Account of a Tour in Normandy, Volume 2 eBook

Dawson Turner
This eBook from the Gutenberg Project consists of approximately 302 pages of information about Account of a Tour in Normandy, Volume 2.
necessitatem redituram:  Et polliceor, inquit episcopus, illa te eximendum, postulantique cautionem, praesul consignatum manu sua scriptum tradidit, fidem datam confirmans.  Qua illico publicata clementia, et ad errantes oves perlata, sollicitudine praesulis vigilantis circa gregis commissi sibi salutem et conservationem, rediere sensim in ecclesiae sinum omnes quotquot Lexovii per ea tempora novum istud fataleque delirium dementarat, nec ultra ibidem diu visi qui a recta fide aberrarent.”—­Gallia Christiana, p. 802.]



(Lisieux, July, 1818.)

Lisieux represents one of the most ancient capitals of the primitive tribes of Gaul.  The Lexovii, noticed by Julius Caesar, in his Commentaries, and by other authors, who were almost contemporary with the Roman conqueror, are supposed by modern geographers to have occupied a territory nearly co-extensive with the bishopric of Lisieux; and it may be remarked, that the bounds of the ancient bishoprics of France were usually conterminal with the Roman provinces and prefectures.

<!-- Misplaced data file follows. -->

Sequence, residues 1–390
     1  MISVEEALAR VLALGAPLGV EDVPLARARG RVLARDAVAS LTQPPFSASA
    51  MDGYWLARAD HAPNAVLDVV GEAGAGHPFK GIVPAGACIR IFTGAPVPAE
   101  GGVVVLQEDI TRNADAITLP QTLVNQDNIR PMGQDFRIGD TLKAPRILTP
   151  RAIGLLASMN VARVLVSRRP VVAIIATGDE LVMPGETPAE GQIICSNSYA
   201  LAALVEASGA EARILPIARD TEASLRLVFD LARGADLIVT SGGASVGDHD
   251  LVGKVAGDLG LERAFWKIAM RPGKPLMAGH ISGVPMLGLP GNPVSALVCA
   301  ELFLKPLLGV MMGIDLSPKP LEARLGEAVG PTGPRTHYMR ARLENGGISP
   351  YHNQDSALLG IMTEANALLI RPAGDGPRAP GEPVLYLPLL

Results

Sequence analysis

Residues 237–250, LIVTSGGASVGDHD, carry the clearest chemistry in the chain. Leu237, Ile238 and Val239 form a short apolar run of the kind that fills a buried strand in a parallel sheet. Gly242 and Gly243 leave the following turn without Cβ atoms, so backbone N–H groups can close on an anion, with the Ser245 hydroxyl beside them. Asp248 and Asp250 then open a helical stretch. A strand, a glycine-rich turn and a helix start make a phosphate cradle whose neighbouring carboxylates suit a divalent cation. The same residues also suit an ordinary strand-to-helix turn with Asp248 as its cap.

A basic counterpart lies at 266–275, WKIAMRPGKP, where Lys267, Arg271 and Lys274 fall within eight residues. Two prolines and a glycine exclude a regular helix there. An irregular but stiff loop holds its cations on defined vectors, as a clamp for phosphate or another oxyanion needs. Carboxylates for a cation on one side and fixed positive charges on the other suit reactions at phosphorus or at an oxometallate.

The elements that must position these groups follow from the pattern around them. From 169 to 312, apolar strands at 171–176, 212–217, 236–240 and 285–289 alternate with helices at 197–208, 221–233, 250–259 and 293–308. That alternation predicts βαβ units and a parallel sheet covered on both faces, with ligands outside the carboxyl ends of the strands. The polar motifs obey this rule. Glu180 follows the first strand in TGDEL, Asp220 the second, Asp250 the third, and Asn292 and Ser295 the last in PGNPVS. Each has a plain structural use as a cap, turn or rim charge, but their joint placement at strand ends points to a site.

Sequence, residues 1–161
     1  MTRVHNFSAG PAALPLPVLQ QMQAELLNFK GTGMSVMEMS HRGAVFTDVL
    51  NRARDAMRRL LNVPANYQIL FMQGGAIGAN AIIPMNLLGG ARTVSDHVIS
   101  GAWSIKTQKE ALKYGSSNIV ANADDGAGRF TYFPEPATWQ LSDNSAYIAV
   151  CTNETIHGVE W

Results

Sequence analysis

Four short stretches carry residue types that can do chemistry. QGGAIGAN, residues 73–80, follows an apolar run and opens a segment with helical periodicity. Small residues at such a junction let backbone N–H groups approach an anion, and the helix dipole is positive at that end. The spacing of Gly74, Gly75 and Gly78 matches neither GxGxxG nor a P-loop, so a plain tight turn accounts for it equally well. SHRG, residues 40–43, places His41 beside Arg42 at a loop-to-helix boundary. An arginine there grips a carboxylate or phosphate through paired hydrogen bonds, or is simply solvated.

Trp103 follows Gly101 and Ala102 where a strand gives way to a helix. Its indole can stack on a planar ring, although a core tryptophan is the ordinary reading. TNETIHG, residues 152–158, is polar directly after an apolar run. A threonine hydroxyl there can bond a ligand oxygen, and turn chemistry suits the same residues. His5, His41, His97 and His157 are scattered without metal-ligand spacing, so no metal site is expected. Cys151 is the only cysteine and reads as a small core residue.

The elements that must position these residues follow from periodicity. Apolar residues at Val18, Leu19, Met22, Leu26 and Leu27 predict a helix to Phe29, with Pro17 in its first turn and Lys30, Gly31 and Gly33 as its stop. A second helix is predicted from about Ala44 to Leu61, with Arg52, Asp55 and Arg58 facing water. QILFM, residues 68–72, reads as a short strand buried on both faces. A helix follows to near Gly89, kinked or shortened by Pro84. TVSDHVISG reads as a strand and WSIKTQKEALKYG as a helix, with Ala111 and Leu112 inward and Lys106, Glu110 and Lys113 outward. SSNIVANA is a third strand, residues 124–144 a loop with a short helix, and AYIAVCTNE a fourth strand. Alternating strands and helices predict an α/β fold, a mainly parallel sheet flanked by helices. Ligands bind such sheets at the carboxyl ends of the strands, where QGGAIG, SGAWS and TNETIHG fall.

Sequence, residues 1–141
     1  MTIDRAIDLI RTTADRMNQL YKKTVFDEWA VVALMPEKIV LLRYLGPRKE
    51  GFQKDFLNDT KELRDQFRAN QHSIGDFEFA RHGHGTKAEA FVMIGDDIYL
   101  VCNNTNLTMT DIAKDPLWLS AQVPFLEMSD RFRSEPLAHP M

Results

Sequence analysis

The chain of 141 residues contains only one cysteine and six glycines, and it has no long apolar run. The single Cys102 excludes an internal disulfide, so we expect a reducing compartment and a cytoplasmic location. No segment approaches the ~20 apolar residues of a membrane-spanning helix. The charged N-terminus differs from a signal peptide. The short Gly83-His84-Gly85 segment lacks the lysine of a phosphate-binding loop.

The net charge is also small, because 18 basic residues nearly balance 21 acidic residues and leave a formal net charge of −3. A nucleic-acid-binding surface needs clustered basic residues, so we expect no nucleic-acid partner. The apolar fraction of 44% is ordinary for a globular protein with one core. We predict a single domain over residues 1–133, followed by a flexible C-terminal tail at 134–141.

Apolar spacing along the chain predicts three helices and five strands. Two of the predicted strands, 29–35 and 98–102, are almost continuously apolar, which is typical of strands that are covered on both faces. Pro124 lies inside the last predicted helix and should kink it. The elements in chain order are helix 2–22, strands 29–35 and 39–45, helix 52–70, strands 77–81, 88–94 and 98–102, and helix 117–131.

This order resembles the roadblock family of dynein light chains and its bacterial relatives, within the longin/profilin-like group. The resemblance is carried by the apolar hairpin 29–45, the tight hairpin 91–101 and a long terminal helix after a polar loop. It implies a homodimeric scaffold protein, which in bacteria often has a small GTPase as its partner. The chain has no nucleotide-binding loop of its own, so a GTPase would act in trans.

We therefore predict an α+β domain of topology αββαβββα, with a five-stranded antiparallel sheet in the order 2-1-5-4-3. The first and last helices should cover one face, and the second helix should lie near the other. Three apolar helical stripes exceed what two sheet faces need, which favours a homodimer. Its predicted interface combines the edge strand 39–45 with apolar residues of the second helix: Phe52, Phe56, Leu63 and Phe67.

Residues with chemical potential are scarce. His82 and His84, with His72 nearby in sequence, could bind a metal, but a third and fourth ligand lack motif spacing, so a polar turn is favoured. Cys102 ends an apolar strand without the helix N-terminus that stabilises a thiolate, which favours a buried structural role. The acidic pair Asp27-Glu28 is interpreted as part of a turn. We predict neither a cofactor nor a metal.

The capital of the Lexovii was called the Neomagus or Noviomagus Lexoviorum; and no doubt ever was entertained but that the present city occupied the same site, till an accidental discovery, in the year 1770, proved the contrary to be the fact.—­About that time a chaussee was formed between Lisieux and Caen; and, in the course of some excavations, which were made under the direction of M. Hubert, the superintending engineer, for the purpose of procuring stone, the laborers opened the foundations of some ruined buildings scattered over a field, called les Tourettes, about three-quarters of a mile from the former town.  The character of these foundations was of a nature to excite curiosity:  they were clearly the work of a remote age, and various specimens of ancient art were dug up amongst the ruins.  The extent of the foundations, which spread over a space four times as large as the plot occupied by modern Lisieux left no doubt but that Danville, and all other geographers, must have been mistaken with respect to the position assigned by them to the ancient Neomagus.  M. Hubert drew a plan of the ruins, and accompanied it with an historical memoir; but unfortunately he was a man little capable of prosecuting such researches; and though M. Mongez, in his report to the National Institute[66], eulogized the map as exact, and the memoir as excellent, they were both of them extremely faulty.  It was reserved for M. Louis Dubois, of whom I shall have occasion to speak again before I close this letter, to repair the omissions and rectify the mistakes of M. Hubert, and he has done it with unremitting zeal and extraordinary success.  The

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